border in Burma and control of border checkpoints for the first time.
Geopolitical Drugwatch researcher Casanier says that SLORC army
officials extort "taxes" from impoverished opium growers to supplement
their meager salaries. This monthly, per-acre extortion forces
villagers to continue farming opium simply to be able to meet the tax
quota, thereby keeping them dependent on the cash crop. If villagers
do not deliver, their livestock is confiscated, family members are
held for ransom or they are taken away and used as forced labor on
infrastructure projects. The less lucky ones, usually the village
headmen, are arrested and tortured.
SLORC Minister for Hotels and Tourism Lieut. Gen. Kyaw Ba, the guest
of honor at Steven Law's wedding, became rich from drug payoffs,
according to several sources, when he served as Northern Commander in
Kachin State prior to his promotion to the SLORC. Like many military
commanders, he was the beneficiary of a portion of the opium taxes and
bribes that filter up from battalions and the payoffs that come down
from drug lords. "Khun Sa [has] paid 500,000 kyat [$5,000] a month
since 1992 to one general who was commanding this region," one officer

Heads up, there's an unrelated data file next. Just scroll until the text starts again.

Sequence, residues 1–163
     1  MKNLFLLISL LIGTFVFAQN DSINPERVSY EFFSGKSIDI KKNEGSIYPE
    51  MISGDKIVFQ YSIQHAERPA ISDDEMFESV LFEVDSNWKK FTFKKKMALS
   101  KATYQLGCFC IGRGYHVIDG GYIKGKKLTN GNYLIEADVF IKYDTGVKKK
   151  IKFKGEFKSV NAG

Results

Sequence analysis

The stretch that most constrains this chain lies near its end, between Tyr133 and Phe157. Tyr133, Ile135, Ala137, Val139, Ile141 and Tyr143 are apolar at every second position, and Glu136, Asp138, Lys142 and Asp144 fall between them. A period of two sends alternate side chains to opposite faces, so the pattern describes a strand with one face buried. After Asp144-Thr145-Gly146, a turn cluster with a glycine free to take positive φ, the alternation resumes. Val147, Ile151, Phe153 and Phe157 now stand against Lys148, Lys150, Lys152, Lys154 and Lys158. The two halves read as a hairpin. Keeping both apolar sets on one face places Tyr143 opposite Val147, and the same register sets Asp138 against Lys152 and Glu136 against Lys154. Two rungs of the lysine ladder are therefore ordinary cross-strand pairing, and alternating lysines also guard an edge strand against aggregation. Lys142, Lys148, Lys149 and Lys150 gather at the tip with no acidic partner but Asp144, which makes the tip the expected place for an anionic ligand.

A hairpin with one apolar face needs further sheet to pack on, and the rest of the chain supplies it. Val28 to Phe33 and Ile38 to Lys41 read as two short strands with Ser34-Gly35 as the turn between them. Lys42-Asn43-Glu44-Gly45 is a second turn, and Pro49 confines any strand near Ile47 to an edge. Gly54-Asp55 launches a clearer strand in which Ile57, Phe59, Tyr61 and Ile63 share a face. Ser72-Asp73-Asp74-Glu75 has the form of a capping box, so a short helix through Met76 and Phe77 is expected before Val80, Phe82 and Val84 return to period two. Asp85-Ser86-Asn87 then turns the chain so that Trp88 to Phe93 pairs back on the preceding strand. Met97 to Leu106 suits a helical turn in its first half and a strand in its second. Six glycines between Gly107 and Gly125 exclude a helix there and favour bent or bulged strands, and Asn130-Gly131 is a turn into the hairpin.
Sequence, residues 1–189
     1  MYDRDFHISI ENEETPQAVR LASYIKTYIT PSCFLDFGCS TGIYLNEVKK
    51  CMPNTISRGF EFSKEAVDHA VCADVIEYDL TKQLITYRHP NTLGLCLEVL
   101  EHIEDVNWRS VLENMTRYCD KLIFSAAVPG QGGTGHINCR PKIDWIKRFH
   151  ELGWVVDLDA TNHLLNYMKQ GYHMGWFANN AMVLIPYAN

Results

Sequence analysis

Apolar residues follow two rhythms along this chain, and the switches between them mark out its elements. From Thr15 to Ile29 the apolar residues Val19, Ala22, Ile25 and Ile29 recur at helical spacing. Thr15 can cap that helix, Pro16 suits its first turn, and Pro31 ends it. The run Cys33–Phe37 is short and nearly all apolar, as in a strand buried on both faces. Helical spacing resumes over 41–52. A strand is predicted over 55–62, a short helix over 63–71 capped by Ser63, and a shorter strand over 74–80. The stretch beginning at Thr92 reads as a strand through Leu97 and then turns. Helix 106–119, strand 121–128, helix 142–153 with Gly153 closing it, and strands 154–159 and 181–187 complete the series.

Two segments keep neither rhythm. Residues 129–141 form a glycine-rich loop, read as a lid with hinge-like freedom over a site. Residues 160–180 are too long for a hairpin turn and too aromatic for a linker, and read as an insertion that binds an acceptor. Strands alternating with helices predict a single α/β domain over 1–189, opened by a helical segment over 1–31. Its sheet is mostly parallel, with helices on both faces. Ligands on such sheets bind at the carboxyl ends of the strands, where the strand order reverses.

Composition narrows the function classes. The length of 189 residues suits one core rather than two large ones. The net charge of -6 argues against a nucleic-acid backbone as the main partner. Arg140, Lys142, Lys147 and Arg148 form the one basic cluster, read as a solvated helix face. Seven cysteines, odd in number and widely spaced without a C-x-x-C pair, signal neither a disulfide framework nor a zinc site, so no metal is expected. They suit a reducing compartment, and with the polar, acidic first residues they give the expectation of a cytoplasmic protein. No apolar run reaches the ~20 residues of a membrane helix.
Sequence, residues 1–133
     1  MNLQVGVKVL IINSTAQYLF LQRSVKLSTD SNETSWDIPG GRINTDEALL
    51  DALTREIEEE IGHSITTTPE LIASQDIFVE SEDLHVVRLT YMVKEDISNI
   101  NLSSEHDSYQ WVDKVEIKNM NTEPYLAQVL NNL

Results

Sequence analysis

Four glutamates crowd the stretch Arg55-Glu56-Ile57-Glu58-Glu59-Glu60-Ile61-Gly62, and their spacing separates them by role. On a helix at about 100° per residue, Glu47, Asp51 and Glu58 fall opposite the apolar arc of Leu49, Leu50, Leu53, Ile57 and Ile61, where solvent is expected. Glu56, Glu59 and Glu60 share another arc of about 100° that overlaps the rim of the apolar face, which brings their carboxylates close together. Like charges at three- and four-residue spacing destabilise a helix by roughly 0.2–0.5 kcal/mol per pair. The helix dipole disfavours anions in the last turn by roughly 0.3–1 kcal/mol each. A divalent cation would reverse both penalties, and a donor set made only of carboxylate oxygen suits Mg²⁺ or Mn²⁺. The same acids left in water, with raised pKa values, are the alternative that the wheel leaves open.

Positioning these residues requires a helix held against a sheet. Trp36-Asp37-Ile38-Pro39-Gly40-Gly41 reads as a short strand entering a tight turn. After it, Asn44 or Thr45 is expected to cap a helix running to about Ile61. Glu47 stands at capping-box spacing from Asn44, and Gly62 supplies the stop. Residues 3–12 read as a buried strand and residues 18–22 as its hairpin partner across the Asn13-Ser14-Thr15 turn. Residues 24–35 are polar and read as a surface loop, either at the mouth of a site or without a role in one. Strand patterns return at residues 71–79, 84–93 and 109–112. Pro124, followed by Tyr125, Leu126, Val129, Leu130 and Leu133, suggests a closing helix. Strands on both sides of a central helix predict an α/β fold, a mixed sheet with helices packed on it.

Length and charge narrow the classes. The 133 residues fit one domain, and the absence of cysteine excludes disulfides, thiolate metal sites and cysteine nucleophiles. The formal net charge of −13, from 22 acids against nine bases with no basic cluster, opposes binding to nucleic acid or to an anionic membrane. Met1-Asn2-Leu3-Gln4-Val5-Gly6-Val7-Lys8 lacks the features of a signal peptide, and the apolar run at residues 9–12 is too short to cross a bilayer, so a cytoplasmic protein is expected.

of his army in Shan State told Reuters.
Loong Kyong, a 45-year-old Shan farmer who fled to Thailand, told
human rights investigators this past May that Burmese soldiers
actually encourage rice farmers to substitute opium for their rice
crop. "The reason the Burmese say not to grow rice is that if you grow
rice you have to give some to the rebel groups, and to others, and you
have to get your rice milled," he said. "So they say just grow opium
and you can easily get money and buy your rice. The military will buy
All over Burma, rural communities are succumbing to the supplies of
cheap heroin distributed unchecked in their villages. "Drug users and
retail drug dealers can increasingly be found everywhere," reports the
Shan Herald Agency for News. "Amphetamines and heroin are being bought
and sold like vegetables from roadside peddlers." Rangoon and
Mandalay, Burma's second-largest city, are also facing heroin
"Only since the 1988 SLORC takeover have chemicals needed to refine
the purest grades of heroin become available in Burma's most remote
areas," states a drug eradication proposal presented by the people of
Wa State to the International Conference on Drugs in Portugal in
March. "Local militia groups, formerly opposed to the government and
long-linked to the heroin trade, now do business freely through
SLORC-controlled frontier areas." The Australian Parliament Committee
of Foreign Affairs was told last year that "opium is warehoused at
Burmese military bases, while trucks transporting narcotics are
sometimes escorted by military vehicles to avoid inspection en route."